Experience begets understanding.
Understanding begets appreciation.
According to the Centers for Disease Control and Prevention, 65 percent of Americans over eighteen say they had at least one drink in the previous year. But few people, even the drinkers, really know what alcohol is, where it comes from, why it tastes the way it does, or what it actually does to them.
Since alcohol isn’t going anywhere soon, I’ve accepted the challenge to drink the recommended moderate drinking amount set by the FDA, every day. Meanwhile, I’ll be monitoring my health and getting help from alcohol experts to better understand this powerful liquid. Perhaps by next month, I’ll be an alcoholic. Or maybe find a new career as a bartender. Either way, I intend to approach and understand alcohol as a craft to be appreciated, rather than simply a thing to be used (and often unintentionally abused).
30 Day of Alcohol? Challenge Accepted!
Mastering the Craft
Alcohol Podcast 1 of 4
To kick off this month’s booze challenge, my buddy Jameson and I met up with Sommelier and Mixologist Kelly Woods, owner of Gillespie’s Fine Spirits in Squamish, BC where Kelly and her partner John McLellan have been honing their passion of distilling local, awesome, booze. Kelly walks us through her distillery and offers us a taste of her life’s work while educating us on the ins and outs of the craft. This really was the beginning of a beautiful journey towards establishing a healthy relationship with alcohol. Enjoy.
A Recipe for Developing a Healthy Relationship with Alcohol
Alcohol is dangerous. Millions abuse it and struggle with an addiction. Taking preemptive steps towards developing a healthier relationship with alcohol can help mitigate abuse and elevate enjoyment.
Though I’ve never struggled with alcoholism, here are the two main tips that Kelly and John gave us about viewing alcohol and developing healthy, happy relationship with this powerful substance:
1. Know when to tap out.
Safe to say, alcohol is both a tonic and a poison. The difference lies mostly in the dose, but also in the process and the quality of ingredients.
A ‘healthy relationship’ with booze is one that is controlled. Depending on your tolerance, learn to recognize when you’ve crossed the threshold of drinking to just drink. Losing track of how much alcohol you’ve consumed in a single session might be a good time to stop. Keep in mind the easiest time to keep drinking is when it’s about time to call it; around two or three drinks deep. Willpower, you got this. The hangover is never worth it anyway.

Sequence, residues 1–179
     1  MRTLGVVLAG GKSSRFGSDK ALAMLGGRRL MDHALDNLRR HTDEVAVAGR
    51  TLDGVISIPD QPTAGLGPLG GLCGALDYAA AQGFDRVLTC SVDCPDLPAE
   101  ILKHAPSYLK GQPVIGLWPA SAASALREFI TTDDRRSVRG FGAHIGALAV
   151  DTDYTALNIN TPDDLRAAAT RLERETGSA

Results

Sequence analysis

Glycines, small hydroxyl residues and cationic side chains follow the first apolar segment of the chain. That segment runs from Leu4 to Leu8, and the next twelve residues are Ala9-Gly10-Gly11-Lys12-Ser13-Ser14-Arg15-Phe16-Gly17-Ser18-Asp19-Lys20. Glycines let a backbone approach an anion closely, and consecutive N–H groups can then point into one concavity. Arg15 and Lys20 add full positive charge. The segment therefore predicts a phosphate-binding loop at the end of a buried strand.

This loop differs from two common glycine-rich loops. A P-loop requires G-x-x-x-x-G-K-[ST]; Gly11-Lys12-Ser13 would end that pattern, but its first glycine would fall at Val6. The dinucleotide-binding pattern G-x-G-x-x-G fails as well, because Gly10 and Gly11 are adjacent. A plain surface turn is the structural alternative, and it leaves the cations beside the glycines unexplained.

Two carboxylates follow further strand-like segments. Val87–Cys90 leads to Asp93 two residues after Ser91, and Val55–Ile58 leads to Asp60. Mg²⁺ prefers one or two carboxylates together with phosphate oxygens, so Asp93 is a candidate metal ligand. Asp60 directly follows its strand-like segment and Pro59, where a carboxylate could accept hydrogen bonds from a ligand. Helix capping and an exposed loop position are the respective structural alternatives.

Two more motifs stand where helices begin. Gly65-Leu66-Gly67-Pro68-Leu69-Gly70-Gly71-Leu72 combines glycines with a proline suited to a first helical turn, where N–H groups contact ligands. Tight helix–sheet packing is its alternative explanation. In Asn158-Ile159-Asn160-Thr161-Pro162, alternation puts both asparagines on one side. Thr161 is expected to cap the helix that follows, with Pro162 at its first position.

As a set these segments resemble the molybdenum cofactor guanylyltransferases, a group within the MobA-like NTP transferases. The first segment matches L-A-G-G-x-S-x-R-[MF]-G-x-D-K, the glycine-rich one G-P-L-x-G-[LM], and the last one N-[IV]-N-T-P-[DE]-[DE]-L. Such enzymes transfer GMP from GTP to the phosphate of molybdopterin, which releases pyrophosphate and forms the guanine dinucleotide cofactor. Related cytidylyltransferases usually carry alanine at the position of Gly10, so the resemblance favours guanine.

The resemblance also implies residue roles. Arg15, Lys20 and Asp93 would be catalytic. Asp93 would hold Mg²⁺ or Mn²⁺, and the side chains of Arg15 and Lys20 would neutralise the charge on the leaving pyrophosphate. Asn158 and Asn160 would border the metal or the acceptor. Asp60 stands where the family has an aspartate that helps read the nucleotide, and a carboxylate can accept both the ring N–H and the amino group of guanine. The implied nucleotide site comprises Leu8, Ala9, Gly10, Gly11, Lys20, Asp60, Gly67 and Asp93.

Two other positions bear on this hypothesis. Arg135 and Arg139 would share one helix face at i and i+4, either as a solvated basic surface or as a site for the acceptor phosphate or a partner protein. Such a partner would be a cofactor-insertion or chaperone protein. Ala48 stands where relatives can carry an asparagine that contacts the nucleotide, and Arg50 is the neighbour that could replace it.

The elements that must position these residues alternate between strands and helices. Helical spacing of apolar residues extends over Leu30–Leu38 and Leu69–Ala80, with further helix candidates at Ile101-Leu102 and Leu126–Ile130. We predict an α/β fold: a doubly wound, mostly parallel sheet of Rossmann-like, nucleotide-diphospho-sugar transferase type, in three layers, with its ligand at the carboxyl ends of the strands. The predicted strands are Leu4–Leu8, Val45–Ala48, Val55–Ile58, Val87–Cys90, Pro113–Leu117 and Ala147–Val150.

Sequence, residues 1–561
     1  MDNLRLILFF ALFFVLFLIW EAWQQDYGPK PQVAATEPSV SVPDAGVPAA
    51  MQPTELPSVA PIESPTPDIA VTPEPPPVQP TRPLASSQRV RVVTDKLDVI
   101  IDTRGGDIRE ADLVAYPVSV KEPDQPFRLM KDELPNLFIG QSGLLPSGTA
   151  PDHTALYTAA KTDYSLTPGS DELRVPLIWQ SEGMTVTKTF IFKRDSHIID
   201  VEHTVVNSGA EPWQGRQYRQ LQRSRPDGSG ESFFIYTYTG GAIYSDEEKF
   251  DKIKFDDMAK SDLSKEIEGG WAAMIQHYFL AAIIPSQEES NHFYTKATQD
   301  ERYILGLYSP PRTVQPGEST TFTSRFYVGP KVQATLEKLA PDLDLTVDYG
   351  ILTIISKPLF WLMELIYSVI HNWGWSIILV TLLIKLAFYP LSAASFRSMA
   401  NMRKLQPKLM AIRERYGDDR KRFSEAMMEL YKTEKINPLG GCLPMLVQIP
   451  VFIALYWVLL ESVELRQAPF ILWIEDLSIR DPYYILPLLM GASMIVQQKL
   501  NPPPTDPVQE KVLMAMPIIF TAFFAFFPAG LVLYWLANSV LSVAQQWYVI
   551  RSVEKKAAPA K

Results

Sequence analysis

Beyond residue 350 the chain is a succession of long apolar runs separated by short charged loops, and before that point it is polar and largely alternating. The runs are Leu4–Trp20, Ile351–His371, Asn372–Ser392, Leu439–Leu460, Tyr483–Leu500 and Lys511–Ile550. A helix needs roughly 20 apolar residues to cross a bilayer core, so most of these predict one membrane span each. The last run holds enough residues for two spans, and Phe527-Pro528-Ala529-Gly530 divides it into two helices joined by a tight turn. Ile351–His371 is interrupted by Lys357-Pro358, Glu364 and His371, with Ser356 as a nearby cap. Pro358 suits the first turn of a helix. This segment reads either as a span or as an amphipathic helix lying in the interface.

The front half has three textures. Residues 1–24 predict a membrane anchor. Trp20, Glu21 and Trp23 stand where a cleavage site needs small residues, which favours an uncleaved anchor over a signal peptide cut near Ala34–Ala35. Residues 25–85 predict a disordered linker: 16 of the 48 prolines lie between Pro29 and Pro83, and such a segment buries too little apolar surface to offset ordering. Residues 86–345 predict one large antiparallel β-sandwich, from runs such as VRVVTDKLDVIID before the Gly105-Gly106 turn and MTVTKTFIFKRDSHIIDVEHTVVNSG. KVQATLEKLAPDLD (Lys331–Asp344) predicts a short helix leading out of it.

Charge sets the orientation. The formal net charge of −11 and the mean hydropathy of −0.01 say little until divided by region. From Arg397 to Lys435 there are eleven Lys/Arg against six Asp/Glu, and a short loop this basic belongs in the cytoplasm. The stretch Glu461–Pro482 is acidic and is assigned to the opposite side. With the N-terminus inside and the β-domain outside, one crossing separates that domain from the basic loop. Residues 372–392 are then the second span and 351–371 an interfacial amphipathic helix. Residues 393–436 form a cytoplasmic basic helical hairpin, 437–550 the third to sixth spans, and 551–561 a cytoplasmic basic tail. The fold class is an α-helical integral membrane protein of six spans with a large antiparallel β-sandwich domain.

2. Appreciate the craft.
Understanding what goes into the process of producing alcohol in its various forms will cultivate a greater appreciation (or lack of) for the energy and passion involved to create each drink. From the yeast to fermentation, to distillation, to aging, there are endless unique techniques that go into a creating an alcoholic beverage. Each sip is an opportunity to better understand the unique character of an alcohol as well as how the blended ingredients can complement its distinct flavor.
Pause, swirl, sniff, sip, and savor.
The 101 on the Craft of Alcohol
Structured, mellow, bold, subtle, spicy, smooth … every alcohol has a personality. The process, materials, and sweat during each of these steps (and several in-between) are what gives a drink it’s character.
Understanding this process exposes the true craft of alcohol and how it can be better appreciated and experienced with each sip. With the help of Kelly Woods of Gillespie’s Fine Spirits and Adam Rogers, author of The Science of Booze, here’s a very brief overview to the basic understand of how alcohol is made.
Yeast & Fermentation
Before you can distil any type of alcohol, you have to have something fermented to start with—enter, yeast. Essentially, yeast is a single-celled fungus that eats sugar and pees carbon dioxide and poops out alcohol. This fermentation process happens naturally. Give yeast some sugar and off they go!